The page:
The WSJ started the ball rolling this morning and then Techcrunch and Digital Transactions articles added more. Digital Transactions was somewhat bemused, indicating Mastercard characterizes Libra as “speculation”:
“At least four payments companies are set to participate in a consortium formed by Facebook Inc. to launch a cryptocurrency next year aimed at commerce rather than exchange trading, according to a report Friday in The Wall Street Journal. Facebook is expected to officially announce the initiative next week.
The consortium, called the Libra Association, will manage what will be called the Libra coin, the Journal reported, quoting sources familiar with the initiative. Mastercard Inc., PayPal Holdings Inc., Stripe Inc., and Visa Inc. are among more than a dozen companies putting up $10 million each to fund the association, according to the story. One other participant identified by the report is ride-share pioneer Uber Technologies Inc., which relies heavily on mobile payments funded by passengers’ cards on file.
Contacted by Digital Transactions News, a spokesperson for Mastercard said the network would not comment on “speculation.” PayPal, Stripe, and Visa did not immediately respond to requests for comment. Facebook will not comment in advance of its expected announcement. Details remain sketchy, but at least some of the participating companies could serve as so-called nodes on the new network, according to the Journal report. Nodes verify and record transactions.”
Techcrunch was more favorable and added a few additional facts:
“Facebook is finally ready to reveal details about its cryptocurrency code named Libra. It’s currently scheduled for a June 18th release of a white paper explaining its cryptocurrency’s basics, according to a source who says multiple investors briefed on the project by Facebook were told that date.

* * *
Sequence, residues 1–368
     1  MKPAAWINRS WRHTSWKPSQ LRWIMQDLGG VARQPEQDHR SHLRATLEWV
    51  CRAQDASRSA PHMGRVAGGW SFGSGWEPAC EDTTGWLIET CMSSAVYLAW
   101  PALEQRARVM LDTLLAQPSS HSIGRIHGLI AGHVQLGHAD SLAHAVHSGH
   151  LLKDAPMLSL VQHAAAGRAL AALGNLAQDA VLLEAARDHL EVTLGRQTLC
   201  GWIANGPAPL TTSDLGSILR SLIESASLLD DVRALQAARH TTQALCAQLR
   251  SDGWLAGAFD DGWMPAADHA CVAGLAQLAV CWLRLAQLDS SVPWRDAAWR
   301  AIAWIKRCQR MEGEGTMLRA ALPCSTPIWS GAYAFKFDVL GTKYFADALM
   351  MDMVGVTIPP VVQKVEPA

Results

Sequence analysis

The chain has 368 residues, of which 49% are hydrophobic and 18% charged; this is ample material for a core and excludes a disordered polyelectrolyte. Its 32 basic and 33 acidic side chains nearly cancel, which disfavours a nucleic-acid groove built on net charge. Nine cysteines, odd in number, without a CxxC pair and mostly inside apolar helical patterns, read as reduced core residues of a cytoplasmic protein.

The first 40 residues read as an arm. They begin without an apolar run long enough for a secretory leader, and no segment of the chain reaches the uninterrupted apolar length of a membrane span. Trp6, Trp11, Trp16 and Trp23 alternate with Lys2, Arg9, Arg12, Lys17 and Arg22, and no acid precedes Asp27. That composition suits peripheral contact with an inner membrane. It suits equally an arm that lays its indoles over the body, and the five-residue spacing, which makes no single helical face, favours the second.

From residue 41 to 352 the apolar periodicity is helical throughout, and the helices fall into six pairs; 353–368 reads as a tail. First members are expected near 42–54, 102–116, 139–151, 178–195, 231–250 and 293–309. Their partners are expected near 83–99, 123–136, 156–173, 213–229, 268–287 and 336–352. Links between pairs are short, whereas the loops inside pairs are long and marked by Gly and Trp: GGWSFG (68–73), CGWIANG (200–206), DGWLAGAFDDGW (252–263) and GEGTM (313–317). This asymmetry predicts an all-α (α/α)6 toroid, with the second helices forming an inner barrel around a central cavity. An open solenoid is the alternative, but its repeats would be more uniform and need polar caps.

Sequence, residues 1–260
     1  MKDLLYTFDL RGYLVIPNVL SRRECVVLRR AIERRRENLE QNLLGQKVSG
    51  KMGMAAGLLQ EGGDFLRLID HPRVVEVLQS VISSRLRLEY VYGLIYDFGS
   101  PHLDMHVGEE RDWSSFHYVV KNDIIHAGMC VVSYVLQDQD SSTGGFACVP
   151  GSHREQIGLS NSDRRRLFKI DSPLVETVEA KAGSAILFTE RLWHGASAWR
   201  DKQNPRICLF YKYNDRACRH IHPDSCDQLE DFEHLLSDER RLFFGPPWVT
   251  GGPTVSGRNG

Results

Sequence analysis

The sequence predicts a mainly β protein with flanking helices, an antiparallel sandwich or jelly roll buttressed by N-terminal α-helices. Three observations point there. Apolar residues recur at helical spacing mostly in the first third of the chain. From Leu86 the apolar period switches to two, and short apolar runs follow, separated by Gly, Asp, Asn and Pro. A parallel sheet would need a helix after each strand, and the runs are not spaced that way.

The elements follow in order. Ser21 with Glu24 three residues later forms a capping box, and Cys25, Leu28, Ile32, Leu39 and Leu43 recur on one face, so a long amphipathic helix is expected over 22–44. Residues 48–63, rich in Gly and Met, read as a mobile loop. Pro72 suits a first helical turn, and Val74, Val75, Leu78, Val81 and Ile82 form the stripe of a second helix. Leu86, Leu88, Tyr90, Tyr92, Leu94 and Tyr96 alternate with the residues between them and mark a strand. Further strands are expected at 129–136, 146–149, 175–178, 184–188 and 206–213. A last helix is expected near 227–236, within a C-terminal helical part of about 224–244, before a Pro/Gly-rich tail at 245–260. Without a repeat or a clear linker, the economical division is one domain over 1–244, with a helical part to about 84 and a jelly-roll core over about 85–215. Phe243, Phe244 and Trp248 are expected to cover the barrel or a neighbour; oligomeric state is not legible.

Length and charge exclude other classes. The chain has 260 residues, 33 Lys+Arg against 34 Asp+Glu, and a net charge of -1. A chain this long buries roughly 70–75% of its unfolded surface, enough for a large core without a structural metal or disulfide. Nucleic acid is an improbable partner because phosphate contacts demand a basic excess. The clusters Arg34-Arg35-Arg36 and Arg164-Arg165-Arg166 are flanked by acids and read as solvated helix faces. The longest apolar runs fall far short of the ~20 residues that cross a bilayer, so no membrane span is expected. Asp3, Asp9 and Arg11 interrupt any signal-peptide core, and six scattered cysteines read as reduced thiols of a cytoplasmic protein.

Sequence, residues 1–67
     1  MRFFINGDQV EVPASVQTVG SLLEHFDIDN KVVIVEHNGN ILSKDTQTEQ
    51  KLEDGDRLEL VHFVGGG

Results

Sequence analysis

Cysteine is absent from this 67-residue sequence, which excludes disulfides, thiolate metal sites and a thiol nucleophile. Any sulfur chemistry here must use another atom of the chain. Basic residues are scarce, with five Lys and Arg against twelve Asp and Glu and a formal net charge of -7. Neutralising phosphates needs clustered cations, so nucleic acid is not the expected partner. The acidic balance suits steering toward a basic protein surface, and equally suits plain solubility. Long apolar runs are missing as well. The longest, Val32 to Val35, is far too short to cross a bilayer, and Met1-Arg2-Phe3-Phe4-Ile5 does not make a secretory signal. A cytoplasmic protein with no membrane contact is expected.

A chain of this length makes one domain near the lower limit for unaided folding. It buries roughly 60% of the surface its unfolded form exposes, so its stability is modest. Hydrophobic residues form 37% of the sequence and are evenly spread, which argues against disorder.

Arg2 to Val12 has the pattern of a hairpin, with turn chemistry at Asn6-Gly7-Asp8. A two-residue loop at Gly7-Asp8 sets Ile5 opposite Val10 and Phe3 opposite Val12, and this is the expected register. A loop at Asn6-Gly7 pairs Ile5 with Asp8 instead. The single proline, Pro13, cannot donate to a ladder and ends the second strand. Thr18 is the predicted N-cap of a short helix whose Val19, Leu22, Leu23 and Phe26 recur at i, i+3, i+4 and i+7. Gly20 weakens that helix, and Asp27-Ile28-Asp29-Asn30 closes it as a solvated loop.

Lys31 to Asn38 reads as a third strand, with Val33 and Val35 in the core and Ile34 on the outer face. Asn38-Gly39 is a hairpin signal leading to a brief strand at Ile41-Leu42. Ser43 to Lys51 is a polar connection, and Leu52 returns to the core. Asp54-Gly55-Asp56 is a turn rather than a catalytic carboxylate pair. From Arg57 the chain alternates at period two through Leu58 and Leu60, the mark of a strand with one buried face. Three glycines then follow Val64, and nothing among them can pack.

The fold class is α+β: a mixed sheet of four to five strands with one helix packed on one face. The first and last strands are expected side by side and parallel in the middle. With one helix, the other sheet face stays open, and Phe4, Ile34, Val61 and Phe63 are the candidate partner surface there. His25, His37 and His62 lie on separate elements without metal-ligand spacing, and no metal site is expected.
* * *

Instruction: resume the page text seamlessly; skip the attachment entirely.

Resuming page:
Meanwhile, the company’s Head of Financial Services & Payment Partnerships for Northern Europe Laura McCracken told German magazine WirtschaftsWoche‘s Sebastian Kirsch that the white paper would debut June 18th, and that the cryptocurrency would indeed be pegged to a basket of currencies rather than a single one like the US dollar to prevent price fluctuations. Kirsch tells me “I met Laura at Money2020 Europe in Amsterdam on Tuesday” after she watched fellow Facebook payments exec Paulette Rowe’s talk. “She told me that she wasn’t involved in what David Marcus’ [Facebook Blockchain] team was doing. But that I’d have to wait until June 18th when a whitepaper was supposed to be published to get more details.” She told him she thought the date was already a publicly known fact, which it wasn’t.
Then, yesterday TechCrunch received a request for a June 18th news embargo from one of the communications managers for Facebook’s blockchain team. The Information’s Alex Heath and Jon Victoralso reported yesterday that Facebook’s cryptocurrency project would launch later this month.